Known for his witty style, the amazingly prolific author G. K. Chesterton wrote in many genres, including fiction, biography, poetry, theology, history, as well as a myriad of essays. He was one of the most beloved writers in England during the first part of the 20th century.
On this day in 1912, biographer Hugh Lunn interviewed Chesterton for the Hearth and Home magazine. He began with a description of the great man, “Everyone knows Mr Chesterton's appearance, a good portly man, i' faith, and a corpulence, like Falstaff. His writings, too, have become familiar, winning many disciples, especially among the young. At Oxford the Chestertonian and the Shavian are well-known types: the Shavian enthroned above human emotion is clever, but a prig; the Chestertonian, less brilliant, is more likeable. He doesn't care for advanced ideas, but he would like to combine wit and probity. So he welcomes a writer who defends old modes of thought with humor, and attacks modern thinkers on the ground that they are antiquated bores in disguise.”
Lunn was soon to discover that, with Chesterton, there was much more than met the eye—despite the fact that his rotund figure was sufficient to fill the eye. With a glint of good humor, Chesterton began with characteristic words, “I am always ready to be interviewed, for I hold the theory, nowadays completely forgotten—as forgotten as this matchbox was still this moment (fishing a box out of a bowl on the mantelpiece)—the theory that the Press is a public agora. I should not refuse an interview even to a paper owned by one of those capitalist millionaires, whom I hate. Nowadays the Press merely echoes the powerful; its real aim should be to give the public a chance to state its views.”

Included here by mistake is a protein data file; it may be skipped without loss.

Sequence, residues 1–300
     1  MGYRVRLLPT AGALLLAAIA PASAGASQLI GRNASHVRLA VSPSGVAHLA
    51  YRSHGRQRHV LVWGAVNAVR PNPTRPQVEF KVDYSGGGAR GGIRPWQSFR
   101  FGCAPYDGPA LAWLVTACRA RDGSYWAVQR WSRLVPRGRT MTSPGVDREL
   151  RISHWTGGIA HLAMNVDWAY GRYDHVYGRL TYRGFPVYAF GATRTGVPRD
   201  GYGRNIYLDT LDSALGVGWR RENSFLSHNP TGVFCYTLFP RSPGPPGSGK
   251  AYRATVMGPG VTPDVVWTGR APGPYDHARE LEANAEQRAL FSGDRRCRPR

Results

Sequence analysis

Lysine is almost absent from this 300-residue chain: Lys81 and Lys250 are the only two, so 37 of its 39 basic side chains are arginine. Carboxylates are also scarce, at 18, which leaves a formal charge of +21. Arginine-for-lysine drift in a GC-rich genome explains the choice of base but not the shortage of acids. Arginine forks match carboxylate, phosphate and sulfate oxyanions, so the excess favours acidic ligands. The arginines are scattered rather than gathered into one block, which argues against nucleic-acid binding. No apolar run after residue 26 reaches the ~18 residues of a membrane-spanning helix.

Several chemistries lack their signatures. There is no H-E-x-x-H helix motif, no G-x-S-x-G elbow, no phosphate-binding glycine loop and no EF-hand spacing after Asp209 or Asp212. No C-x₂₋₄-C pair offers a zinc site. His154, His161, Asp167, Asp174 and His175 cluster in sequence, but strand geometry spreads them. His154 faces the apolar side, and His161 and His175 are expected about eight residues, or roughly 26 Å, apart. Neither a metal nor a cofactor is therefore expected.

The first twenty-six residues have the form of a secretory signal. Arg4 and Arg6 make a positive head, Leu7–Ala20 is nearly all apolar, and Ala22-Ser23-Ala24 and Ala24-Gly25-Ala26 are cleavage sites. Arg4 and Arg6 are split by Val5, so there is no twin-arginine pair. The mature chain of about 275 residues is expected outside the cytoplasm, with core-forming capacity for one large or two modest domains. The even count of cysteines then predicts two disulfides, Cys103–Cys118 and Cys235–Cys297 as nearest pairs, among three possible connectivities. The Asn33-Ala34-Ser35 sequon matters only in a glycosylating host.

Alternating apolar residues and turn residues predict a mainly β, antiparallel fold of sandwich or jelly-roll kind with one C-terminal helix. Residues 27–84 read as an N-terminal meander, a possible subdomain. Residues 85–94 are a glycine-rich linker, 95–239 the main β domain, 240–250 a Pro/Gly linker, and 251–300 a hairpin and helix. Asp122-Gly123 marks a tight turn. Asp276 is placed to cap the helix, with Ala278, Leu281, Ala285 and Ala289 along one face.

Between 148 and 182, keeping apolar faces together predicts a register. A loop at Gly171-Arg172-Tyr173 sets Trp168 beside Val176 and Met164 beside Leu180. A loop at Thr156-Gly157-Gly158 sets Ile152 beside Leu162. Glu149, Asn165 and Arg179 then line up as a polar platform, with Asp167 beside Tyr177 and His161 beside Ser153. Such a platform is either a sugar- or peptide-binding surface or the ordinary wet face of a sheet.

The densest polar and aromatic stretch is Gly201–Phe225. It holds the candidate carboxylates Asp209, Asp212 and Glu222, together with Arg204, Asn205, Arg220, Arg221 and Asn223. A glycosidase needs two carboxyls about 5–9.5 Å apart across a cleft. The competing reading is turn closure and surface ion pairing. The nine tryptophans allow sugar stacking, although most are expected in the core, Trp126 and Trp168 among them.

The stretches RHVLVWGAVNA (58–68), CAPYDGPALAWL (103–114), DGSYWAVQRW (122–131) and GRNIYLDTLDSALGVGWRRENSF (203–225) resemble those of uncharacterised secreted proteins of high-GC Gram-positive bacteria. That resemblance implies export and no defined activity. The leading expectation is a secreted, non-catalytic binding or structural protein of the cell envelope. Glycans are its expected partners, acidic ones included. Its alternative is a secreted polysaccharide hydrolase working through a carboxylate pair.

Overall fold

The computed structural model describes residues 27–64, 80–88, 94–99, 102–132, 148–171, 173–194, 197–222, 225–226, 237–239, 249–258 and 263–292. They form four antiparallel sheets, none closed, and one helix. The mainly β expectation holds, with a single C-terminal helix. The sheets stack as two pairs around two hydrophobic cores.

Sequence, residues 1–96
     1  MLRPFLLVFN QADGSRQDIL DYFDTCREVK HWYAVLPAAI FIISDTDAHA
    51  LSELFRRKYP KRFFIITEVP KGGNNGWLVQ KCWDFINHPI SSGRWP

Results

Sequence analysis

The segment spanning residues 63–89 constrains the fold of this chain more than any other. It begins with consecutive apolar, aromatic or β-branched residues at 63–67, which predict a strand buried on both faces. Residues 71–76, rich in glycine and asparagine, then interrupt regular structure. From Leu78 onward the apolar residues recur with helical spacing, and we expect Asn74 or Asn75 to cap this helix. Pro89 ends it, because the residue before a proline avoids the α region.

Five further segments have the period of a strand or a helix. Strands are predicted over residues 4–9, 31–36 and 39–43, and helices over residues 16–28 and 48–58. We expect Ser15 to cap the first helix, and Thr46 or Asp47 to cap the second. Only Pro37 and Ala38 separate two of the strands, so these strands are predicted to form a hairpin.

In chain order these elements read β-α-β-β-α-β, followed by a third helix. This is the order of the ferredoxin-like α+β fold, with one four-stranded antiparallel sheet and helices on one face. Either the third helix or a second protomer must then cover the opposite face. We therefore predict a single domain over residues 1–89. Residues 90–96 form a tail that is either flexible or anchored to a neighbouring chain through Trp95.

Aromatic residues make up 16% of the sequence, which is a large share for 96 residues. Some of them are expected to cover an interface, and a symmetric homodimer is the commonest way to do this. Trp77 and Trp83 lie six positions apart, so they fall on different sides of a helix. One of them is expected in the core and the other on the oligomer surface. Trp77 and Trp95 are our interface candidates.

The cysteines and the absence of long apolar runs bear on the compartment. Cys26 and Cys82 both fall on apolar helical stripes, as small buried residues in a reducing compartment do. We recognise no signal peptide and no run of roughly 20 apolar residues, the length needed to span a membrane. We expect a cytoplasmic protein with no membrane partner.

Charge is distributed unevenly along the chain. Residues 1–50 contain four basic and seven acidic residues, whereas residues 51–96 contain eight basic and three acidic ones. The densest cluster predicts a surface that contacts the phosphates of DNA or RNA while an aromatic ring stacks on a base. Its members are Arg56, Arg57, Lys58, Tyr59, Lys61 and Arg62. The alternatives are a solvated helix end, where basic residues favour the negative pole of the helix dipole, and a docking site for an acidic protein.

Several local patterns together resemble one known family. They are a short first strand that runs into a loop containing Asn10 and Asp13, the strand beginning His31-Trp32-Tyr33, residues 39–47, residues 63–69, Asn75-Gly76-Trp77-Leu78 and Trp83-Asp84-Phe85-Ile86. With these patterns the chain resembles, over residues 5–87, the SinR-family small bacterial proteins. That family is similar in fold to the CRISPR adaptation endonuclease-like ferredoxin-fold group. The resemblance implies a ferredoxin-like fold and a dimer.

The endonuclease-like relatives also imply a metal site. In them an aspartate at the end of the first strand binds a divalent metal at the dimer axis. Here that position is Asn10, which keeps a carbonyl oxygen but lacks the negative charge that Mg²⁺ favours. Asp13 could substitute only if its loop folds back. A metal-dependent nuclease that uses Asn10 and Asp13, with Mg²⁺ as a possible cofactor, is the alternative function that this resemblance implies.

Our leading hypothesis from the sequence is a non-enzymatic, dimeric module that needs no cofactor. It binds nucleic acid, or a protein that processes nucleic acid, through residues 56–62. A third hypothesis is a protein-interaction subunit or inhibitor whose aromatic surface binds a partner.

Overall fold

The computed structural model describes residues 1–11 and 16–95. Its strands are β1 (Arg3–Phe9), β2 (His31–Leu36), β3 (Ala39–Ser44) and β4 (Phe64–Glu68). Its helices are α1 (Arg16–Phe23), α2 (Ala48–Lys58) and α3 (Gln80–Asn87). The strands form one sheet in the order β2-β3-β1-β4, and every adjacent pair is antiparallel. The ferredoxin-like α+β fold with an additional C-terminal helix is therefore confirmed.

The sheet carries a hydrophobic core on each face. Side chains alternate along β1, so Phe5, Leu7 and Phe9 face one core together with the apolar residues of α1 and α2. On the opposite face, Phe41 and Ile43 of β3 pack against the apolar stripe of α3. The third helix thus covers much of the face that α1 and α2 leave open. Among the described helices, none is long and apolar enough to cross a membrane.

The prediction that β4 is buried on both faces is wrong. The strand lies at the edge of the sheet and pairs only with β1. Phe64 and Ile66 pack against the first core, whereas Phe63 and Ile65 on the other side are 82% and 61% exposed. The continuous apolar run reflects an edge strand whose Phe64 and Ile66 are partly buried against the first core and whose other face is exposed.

Lunn could hardly get a word in edgewise, so the interview turned into something of a monolog—a forum for the great man to hold forth on all manner of ideas, much like his writing, “And now what do you want me to talk about? I am ready to give my opinion on any question, whether I know something about it or not. No, I'm not an Imperialist in the modern sense; the only theory of Imperialism that seems to me sound is Dante's. He defended the Roman Empire as the best human government, on the definite ground that the best human government would probably crucify God. Caesar had to be lawful; because Christ had to be killed by law.”
With that, he paused with a smile to ask Lunn what questions he really wanted to put upon the table. He should not have bothered, before he could reply, Chesterton was off again, “I do not believe in Cosmopolitanism, you know: nowadays it's either run by financiers for their own profit, or it's the product of Atheistic Socialism, as in Germany. Christ didn't come to bring peace among the nations. When He said that a man should turn the other cheek, I fancy He meant that a man, when attacked, should humiliate his enemy by treating him with sudden and unexpected contempt.”
And so it went for nigh on an hour. Lunn had to admit afterward, “I had altogether underestimated the tornado of thought and creativity and imagination that the jolly figure of Chesterton contained.” To which Chesterton later retorted, “It is always better to be underestimated than overestimated—that way, all good things are taken as if by surprise and are therefore all the more appreciated.” Appreciated, Chesterton surely is.